What kinds of things does she recommend? I won't go into all of them, because I want you to click over and read her article for yourself. But here are a few of the highlights:
- Read aloud -
first the Bible (children can understand the simple stories-from Genesis on-as they are presented verbatum, no need to purchase a "Bible story book") all sorts of picture books, etc. I would have them draw about what we read, or not--whatever they wished. I would encourage whatever they drew--not worrying whether they were staying in the lines, or even that they were "artistically correct", but just appreciating what they created as coming from their hearts and enjoying it. I would place these creations on the fridge or any other nifty place where we could all enjoy them.
- Buy books for Mom, not for the kids.
- Teach Your Child to Read in 100 Easy Lessons - this has worked really well for her, but it didn't work for me, with either of my girls. In my opinion, the more specific the lesson book you use, the less likely it is to work universally. Still, you need some kind of phonics materials - but keep it inexpensive as you may need to try something different if it doesn't work for you. Explode the Code phonics, Phonics Pathways, Modern Curriculum Press phonics, Pathway Readers "Learning with Sounds" - these are some inexpensive ideas to get you started.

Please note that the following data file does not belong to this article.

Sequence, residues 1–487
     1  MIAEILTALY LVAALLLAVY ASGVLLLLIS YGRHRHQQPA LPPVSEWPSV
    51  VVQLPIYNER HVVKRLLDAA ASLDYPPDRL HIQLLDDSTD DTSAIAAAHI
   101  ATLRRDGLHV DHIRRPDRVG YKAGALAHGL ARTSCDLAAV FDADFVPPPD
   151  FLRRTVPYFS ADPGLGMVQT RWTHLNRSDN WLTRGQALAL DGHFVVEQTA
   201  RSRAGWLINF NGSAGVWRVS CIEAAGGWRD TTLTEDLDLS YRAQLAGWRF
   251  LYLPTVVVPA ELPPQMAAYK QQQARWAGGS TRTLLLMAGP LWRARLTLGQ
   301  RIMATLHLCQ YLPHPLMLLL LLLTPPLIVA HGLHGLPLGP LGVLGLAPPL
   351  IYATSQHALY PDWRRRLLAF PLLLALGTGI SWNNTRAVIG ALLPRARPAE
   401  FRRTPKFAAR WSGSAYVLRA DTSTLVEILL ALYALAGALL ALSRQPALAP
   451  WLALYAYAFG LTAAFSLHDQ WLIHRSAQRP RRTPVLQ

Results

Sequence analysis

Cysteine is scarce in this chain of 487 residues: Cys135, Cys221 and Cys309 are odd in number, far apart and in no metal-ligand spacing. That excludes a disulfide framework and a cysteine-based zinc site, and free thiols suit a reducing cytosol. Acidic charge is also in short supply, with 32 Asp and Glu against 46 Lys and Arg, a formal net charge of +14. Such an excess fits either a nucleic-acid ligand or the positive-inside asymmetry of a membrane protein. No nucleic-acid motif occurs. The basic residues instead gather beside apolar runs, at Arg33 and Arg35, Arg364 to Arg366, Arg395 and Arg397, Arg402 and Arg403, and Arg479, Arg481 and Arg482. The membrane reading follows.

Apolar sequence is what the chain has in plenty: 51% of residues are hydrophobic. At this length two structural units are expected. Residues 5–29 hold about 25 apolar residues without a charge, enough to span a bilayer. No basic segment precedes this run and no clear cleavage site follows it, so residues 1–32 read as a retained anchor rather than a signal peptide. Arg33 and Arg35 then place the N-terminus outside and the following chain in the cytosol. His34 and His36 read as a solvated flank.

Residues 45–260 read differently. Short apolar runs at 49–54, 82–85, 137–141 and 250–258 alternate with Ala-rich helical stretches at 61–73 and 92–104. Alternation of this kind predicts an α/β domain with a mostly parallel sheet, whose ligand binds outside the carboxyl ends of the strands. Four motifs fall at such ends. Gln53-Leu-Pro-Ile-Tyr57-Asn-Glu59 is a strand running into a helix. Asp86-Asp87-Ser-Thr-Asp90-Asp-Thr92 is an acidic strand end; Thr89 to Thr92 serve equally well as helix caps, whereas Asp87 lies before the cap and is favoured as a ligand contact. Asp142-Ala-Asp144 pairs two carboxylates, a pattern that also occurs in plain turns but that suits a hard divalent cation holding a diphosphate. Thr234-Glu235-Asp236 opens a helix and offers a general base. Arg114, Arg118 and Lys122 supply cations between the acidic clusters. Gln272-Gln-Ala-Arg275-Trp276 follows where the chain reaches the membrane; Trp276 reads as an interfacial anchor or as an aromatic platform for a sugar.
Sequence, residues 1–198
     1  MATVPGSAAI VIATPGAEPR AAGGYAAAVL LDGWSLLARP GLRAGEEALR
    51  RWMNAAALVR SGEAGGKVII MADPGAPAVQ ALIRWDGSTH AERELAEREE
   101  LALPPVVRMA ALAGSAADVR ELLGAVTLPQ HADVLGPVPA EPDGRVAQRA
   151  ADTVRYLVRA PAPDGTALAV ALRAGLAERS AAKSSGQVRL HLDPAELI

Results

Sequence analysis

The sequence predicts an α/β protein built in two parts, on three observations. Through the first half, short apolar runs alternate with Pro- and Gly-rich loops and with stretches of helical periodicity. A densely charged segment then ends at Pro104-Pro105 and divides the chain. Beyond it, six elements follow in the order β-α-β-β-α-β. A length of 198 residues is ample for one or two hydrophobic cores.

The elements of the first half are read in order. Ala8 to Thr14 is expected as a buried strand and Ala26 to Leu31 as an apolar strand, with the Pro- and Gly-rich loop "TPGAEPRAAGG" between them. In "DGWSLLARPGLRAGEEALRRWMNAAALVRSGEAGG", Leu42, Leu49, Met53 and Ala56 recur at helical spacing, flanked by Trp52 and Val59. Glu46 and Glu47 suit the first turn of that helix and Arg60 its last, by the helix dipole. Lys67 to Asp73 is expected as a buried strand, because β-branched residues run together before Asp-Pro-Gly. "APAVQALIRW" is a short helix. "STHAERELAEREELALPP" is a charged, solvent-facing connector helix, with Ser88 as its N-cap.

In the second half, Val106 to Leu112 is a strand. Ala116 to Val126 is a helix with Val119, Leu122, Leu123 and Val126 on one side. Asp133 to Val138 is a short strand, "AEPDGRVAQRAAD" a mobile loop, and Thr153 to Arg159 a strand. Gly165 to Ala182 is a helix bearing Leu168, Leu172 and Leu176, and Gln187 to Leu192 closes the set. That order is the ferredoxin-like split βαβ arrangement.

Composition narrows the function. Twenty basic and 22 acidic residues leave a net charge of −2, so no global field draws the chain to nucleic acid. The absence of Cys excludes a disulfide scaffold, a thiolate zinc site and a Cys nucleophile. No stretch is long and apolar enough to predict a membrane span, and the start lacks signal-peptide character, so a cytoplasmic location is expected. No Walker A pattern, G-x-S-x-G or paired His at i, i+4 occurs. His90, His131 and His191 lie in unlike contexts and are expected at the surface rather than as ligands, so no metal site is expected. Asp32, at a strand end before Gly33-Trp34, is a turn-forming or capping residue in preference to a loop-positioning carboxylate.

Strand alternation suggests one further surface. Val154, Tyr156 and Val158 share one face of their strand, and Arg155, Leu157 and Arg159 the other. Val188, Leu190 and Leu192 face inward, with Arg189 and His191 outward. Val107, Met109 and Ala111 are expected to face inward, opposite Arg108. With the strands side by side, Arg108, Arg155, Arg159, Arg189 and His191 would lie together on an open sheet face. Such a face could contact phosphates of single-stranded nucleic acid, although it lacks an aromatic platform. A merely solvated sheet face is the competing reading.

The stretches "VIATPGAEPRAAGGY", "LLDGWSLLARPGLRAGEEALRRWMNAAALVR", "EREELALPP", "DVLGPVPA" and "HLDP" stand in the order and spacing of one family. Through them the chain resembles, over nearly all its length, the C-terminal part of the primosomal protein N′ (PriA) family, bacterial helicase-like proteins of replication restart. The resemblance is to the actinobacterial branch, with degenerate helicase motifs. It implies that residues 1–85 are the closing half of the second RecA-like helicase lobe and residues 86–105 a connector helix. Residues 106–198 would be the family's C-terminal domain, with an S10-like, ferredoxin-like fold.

- Dr. Seuss
- Mother Goose
- The Science of Cooking website
. . . and much more. Please take the time to follow the link and see all she has to say. I've been homeschooling for 8 years, and I still needed the reminder - the curriculum is not the most important part. Homeschooling is about the relationship between us and our children, and about how that relationship can help our children become lifelong learners.